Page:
I’ve had a weird time in the kitchen of late.
We’ll begin with Friday night, shall we?
Planned: a sophisticated stove-top potato dish using the last of the mouth-puckeringly tart sorrel, painstakingly sheltered through the long, hot summer and lovingly watered whenever there was a little extra cooking water to spare. I even made a rich, roasted vegetable stock in which to cook the thing. Instead? A lumpy, bumpy, flavourless pile of mash, streaked with khaki green.
Saturday: A hot southern Indian curry of coconut, cashews and pumpkin. This was in fact quite a fine thing, beautiful to behold. Then I paired it with an incredibly lovely raita that tasted so right, but was so wrong – it too starred coconut. Having made ANZAC biscuits in the morning, I realized that I had gone through more than half a kilo of desiccated coconut in one day.
My teeth are still full of tiny shreds of the stuff.
Sunday: Post book shop work, an awful dinner in a restaurant chosen as a last resort because all the good places were fully-booked. Why do some restaurants think that it’s okay to serve your main meal within seconds, literally, of the starter being whipped away? And as for the piano (weird) and waiter who sang (very, very badly)…I may not eat out again for some time.
What went wrong?
Who knows? But things are back on track now.
Brussels sprouts are nearly at the end of their season. I often braise them with cream to make a rich, unctuous dish, but this dairy-free way shows off their versatility and charisma. Choose your sprouts wisely. Look for tightly budded, small heads no bigger than an un-shelled walnut for preference, and peel away any blemished leaves ruthlessly.
These are good picked at cold the next day, though not quite as lively. To make a more substantial meal, add triangles of tofu, marinated in tamari and toasted sesame oil before heavily crusting in sesame seeds and oven roasting or pan frying to crispness. Make sure you have everything ready by the stove, as this takes but a few minutes of work.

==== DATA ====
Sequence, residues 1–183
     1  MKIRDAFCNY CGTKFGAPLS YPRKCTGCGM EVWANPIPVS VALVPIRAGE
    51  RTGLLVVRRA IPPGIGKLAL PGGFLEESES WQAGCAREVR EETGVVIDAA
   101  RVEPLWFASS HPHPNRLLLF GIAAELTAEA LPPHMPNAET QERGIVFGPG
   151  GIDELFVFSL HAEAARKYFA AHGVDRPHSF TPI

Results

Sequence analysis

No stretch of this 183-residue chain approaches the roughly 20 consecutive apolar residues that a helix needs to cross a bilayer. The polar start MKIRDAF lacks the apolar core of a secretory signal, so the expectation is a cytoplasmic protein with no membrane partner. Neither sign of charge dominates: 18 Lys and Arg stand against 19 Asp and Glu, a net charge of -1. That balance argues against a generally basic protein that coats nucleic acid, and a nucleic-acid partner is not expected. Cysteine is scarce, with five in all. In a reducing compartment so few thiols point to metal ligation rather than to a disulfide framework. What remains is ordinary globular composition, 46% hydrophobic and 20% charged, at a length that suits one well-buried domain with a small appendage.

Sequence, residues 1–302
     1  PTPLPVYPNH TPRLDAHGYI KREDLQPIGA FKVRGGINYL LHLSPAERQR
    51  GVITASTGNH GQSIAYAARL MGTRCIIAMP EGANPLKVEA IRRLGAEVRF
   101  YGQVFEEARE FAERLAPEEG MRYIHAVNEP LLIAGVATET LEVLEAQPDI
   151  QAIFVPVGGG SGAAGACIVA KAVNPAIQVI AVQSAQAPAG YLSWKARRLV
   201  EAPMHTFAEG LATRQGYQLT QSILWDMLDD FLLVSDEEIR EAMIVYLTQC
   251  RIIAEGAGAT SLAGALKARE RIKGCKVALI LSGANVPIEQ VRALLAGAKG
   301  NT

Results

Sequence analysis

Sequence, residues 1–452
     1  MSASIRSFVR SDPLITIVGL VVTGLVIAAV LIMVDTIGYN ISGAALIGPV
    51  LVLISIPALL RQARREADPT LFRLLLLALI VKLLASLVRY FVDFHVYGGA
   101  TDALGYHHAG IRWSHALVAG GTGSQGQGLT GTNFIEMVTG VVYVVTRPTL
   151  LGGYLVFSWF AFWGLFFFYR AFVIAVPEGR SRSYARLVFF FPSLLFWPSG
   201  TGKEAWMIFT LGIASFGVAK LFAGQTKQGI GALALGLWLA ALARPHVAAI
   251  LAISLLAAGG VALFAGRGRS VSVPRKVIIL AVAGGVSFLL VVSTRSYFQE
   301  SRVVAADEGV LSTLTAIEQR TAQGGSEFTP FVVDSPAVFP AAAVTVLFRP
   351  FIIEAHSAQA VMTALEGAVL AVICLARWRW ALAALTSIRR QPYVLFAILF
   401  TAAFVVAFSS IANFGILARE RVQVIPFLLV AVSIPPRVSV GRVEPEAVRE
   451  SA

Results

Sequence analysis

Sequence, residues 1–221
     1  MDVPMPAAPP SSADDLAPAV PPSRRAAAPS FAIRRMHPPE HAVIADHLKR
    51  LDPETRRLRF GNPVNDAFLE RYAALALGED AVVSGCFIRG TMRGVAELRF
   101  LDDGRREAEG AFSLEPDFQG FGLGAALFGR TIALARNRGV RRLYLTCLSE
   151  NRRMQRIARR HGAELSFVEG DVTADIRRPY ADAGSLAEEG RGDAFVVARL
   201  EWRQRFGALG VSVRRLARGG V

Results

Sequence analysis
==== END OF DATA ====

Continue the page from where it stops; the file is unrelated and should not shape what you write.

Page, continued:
Adapted from a Colin Spencer recipe
1 tablespoon of light olive oil
Thumb-sized piece of ginger, peeled and grated
Zest and juice of 1 orange
½ teaspoon of sugar
Pinch of sea salt
1 tablespoon of Cointreau (or similar orange liqueur)
3 spring onions, finely sliced on the diagonal
Finely chopped parsley
Take your sprouts and peel away any blemished leaves. Trim the base and quarter each one lengthways.
Heat the oil in a heavy-based frying pan over a fierce flame. Add the ginger, orange zest and sprouts and stir-fry over this high heat for about 2 minutes.
Add the orange juice, continuing to stir and fry until the juice almost evaporates (a fraction less than a minute).
Tip in the sugar, salt and the Cointreau, stir well to coat everything, and add the spring onions. Toss about for a moment or two and serve sprinkled with the parsley.